A Puppet Way of Life

I’ve been thinking a lot lately about my character—who I am and who I want to become in the future. The whole self-image struggle has been real as I enter this new phase of life. Shortly after having the wedding, the questions started rolling in…”So where are you going to live?” “Are you moving back to Minnesota yet?” “Buying a house?” “When’s the baby to be expected?” Okay, no. Just no to all of that nonsense! I got married. My twentysomething life can still happen child-less and without a mortgage thank you very much!

It’s not that I don’t want to have a house of my own, or kids running around, but right now is not the right time. I’ve got a whole future ahead of me and I’d like to establish some of it before I have to teach kids how to behave and pay off endless amounts bills the rest of my life. I suppose that’s the normal way of living for most people, but I’m not most people now am I?

A friend came around on Saturday and what was mainly supposed to be coffee and a chat, turned into fours hours of deep conversation. We discussed everything from my husband’s films this year to films in general to family to everything that has to do with puppets. When our friend (a puppeteer by profession), who at the time was explaining the art of puppetry starting with design to the building process, then ending with rehearsal and performance, a thought sparked in my mind. I never recognized how similar our lives can be to a puppet’s life. Like a puppet, we all have our own purpose in life, our own journey to follow. Okay, I know I’m talking about an object, but just let me explain…

A Puppet’s Way of Life

Step One: Design

In order to create a puppet, one must come up with some sort of design concept. A doddle if you will. That way the creator of a puppet has an understanding of what the puppet will do in order to achieve its purpose. Growing up we are designed and shaped by our family and friends in preparation for the real world. We inherit traits from our parents that help us discover what our purpose is in our own lives.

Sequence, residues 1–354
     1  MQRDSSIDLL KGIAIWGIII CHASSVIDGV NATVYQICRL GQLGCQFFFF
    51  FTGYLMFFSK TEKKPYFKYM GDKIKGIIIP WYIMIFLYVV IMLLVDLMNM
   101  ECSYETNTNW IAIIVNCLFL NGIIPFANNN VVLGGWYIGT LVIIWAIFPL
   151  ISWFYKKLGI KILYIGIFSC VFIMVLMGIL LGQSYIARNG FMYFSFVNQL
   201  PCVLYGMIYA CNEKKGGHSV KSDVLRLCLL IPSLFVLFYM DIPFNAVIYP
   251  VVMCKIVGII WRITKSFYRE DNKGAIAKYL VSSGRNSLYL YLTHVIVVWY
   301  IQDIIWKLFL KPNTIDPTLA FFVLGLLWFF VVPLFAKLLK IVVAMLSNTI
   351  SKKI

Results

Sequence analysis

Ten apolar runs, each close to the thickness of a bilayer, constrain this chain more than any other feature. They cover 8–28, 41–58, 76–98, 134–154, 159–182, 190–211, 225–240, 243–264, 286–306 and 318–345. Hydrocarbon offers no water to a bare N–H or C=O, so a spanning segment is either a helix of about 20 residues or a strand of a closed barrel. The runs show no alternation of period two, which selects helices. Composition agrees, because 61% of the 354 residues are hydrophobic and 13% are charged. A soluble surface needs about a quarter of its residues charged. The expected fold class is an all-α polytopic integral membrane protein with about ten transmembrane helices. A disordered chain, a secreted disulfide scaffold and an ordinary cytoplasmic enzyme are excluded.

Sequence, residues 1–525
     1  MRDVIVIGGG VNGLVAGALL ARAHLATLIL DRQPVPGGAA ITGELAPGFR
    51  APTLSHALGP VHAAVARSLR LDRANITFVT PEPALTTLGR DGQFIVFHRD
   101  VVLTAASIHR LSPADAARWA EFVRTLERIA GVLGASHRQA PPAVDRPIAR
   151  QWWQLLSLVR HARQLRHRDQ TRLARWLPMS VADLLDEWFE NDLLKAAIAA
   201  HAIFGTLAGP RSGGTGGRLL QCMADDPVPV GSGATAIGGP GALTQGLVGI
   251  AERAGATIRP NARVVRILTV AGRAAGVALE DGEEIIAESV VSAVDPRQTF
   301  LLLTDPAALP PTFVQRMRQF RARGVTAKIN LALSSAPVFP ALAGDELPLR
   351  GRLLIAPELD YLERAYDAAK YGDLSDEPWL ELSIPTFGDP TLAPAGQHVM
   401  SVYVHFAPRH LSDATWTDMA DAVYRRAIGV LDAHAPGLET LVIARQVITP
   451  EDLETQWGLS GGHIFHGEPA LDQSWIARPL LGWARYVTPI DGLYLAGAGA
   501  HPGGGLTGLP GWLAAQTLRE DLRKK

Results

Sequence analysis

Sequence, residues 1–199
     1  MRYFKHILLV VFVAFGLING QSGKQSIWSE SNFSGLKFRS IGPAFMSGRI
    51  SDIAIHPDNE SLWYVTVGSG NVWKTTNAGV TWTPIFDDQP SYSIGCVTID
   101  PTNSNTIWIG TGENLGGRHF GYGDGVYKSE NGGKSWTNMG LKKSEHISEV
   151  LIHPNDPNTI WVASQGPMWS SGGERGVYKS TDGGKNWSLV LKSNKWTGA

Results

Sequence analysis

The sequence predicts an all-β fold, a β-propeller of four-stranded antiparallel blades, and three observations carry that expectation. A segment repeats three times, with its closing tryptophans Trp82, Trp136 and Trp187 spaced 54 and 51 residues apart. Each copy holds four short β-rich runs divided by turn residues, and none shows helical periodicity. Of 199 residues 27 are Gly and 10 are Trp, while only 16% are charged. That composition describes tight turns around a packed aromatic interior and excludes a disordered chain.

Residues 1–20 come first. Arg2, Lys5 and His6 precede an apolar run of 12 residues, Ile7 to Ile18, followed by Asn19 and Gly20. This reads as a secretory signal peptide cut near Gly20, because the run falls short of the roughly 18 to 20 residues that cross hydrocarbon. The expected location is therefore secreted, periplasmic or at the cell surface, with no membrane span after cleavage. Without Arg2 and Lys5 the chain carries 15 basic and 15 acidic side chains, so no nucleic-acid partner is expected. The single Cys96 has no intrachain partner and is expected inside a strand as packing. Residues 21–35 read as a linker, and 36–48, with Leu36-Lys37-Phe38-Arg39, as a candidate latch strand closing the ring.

Step Two: Build

Building a puppet from scratch with only a doddle can be challenging. The building process will have its kinks and there are obstacles a creator must tackle when making a new puppet. This part of the process is where we should give the most time and love toward. This is the point in which we, as adults, get a say in who we are and who we want to become in the future. We can be anyone. As we build our characters, our personalities, even our lifestyles, each day we incorporate our designs and build our hopes and dreams for a full life.

Step Three: Rehearse

The puppet is ready to test out. A puppeteer gets to know the weight of the puppet, the personality of the puppet and the mechanics of how the puppet moves. It’s the rehearsal process that allows time of discovery in all our unique characteristic and traits. In the comfort of being in our own skin, we learn more about ourselves as we get wiser with practice. Rehearsal is a joyful time of play, but also a time to gain a good knowledge of what our presence means in the world.

Step Four: Perform

The final step of life is to perform. A puppet takes the stage and shines in all its silly glory. It has learned the value of emotion, the art of charisma and discovered his/her true character. Like a puppet, we all get our time to perform. To be the person we’ve always imagined and worked so hard to become. This is to soak in those around us who have made our lives full of love. This is a time for us to celebrate standing in the bright light.

Looking at these four steps of living a full puppet life, I want to emphasize that you cannot skip steps, but you can go back and forth. Go back to rebuild a part of your puppet arm that’s been feeling a little weak. Go back and wash off those dirty eyes from all the wear and tear over the years. Life doesn’t end when we perform. Life sets us up for another show, so get ready. You might need a little fixing before the spotlight. I know I sure do!

BONUS THOUGHT: This is completely unrelated to living a life as a puppet, but not completely unrelated to the theme of life. Check out Jason Isbell and the 400 Unit’s song “If We Were Vampires”. It’s a truly amazing!

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